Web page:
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What is Raw Feeding ?  

Raw feeding is the feeding of raw meat, offal, bones and vegetables to dogs and cats.

 

The raw feeding movement has been around for years; it was a veterinary student Juliette de Bairacli Levy in 1930 who first raised the notion that dogs were healthier if they were fed on a natural diet of raw food. Around sixty years later, another vet, Dr Ian Billinghurst published a book called ‘Give your dog a bone’ which is based on the same principles. He introduced ‘Biologically Appropriate Raw Feeding’ or BARF, which is feeding your dog the diet it has naturally evolved to eat over millions of years. This means feeding food that mimics what your dog’s ancestors ate in the wild and cutting out any cooked, processed or artificial food.

 

Raw feeding is associated with improved health and vitality. A dog that is raw fed can have healthy skin, a shiny coat, clean healthy teeth and breath, a strong immune system, increased energy, improved digestion, lean muscle tone, a longer life expectancy (up to 30%) and a reduced likelihood of illness. Changing to a raw food diet can also resolve or assist with existing health issues such as skin allergies, ear infections, bad breath and gingivitis, flatulence and soft stools, irritable bowel syndrome, arthritis and diabetes and even anxiety. 

 

Dr Fitzpatrick, or Adele, truly believes that prevention is better than cure, a philosophy which she has based her practice around. She feeds her own three dogs, Fidget, Fergie and Tig raw food and has experienced the benefits of it first-hand and wants you to too! As an advocate of raw feeding Adele has teamed up with several top quality raw pet food manufacturers to bring you an extensive range of raw food products.

 

If you are looking to start raw feeding and want to find out more, the internet can be a confusing place to start, this is because different feeders and raw food companies give different recommendations. For this reason, Adele has done the research for you and created a simple and easy to understand background to raw feeding and raw feeding guide. If you want any help and advice, then we are just at the end of the phone or computer! Any advice we give you is free, alternatively you can book in for a bespoke raw feeding consultation!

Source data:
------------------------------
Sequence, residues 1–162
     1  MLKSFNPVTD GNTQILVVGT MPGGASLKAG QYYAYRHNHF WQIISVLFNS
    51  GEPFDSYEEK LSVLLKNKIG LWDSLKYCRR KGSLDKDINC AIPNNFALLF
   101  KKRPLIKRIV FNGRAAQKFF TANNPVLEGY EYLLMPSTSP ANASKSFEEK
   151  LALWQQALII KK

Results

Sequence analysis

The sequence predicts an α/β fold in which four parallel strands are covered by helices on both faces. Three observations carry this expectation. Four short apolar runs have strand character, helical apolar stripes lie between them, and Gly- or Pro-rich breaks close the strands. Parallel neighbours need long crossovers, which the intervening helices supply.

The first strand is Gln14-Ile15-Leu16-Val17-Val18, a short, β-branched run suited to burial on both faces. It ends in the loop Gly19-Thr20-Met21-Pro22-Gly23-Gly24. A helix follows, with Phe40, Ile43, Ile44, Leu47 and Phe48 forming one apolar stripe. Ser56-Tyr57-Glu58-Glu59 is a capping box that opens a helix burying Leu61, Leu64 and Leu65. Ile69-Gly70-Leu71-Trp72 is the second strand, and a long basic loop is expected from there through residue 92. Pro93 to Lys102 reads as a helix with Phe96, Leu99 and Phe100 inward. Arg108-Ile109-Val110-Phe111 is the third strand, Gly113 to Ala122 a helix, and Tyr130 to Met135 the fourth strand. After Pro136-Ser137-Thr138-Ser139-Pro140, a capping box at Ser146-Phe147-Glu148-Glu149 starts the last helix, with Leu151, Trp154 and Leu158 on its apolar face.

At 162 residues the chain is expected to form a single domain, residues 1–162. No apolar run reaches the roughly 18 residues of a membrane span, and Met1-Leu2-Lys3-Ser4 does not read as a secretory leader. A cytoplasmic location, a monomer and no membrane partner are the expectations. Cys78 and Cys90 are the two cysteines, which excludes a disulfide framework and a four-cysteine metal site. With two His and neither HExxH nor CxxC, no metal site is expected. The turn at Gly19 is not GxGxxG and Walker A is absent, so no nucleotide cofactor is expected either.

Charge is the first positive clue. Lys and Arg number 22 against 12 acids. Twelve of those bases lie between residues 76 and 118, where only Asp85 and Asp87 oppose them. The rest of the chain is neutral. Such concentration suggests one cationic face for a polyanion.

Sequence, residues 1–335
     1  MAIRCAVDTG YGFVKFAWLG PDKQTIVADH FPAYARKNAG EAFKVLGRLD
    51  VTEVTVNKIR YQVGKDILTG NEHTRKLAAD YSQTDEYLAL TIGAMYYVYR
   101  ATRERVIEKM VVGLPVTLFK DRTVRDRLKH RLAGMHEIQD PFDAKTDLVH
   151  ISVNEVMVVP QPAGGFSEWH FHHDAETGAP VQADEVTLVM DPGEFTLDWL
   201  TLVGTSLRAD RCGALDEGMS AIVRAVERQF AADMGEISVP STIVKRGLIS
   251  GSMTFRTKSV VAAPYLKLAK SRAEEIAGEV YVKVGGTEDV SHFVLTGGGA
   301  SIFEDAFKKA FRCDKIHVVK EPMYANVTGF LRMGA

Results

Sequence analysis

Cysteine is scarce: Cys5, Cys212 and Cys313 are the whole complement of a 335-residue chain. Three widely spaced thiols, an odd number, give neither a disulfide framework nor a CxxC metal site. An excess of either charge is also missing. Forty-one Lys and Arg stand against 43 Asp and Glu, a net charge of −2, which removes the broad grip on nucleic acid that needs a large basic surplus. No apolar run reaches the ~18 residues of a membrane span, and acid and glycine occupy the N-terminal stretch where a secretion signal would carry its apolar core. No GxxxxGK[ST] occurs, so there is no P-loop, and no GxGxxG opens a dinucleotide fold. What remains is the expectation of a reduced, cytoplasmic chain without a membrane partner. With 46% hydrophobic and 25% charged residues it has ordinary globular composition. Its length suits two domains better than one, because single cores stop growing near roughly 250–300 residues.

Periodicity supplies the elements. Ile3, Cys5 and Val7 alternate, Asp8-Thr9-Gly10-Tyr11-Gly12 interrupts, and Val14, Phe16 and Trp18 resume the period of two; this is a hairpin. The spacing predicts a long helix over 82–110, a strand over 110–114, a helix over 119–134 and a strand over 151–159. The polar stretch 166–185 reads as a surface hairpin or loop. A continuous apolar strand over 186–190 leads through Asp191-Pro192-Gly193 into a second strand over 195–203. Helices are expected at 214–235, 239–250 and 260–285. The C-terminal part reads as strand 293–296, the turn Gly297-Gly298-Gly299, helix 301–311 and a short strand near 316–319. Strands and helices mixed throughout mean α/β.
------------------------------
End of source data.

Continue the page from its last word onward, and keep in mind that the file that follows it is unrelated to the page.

What did your dog’s ancestors eat?

Our dog’s ancestor, the wolf has been in existence for 40 million years! Dogs were only domesticated from wolves 15 000 years ago and since then humans have drastically changed their appearance and behavioural traits through breeding.

 

Wild dogs or wolves are carnivores; their diet consists of prey that they have caught individually or with the help of a pack. They eat the whole carcass including the internal organs and bones. Dogs can also eat vegetable matter such as berries, grasses and herbs, they are also natural scavengers and may find nutrients from leftover kills, vomit and even faeces. The faeces of some animals can be an excellent source of fibre, digestive enzymes, essential fatty acids, protein, fat-soluble vitamins, minerals and antioxidants and therefore be of high nutritional value to a dog. A domestic dog may eat faeces (e.g. deer, rabbit, cow faeces) in order to compensate for a lack of nutrition from their processed food. Domestic dogs may also eat other dog and cat faeces but this is thought to be due to the undigested flavours they contain to make them palatable.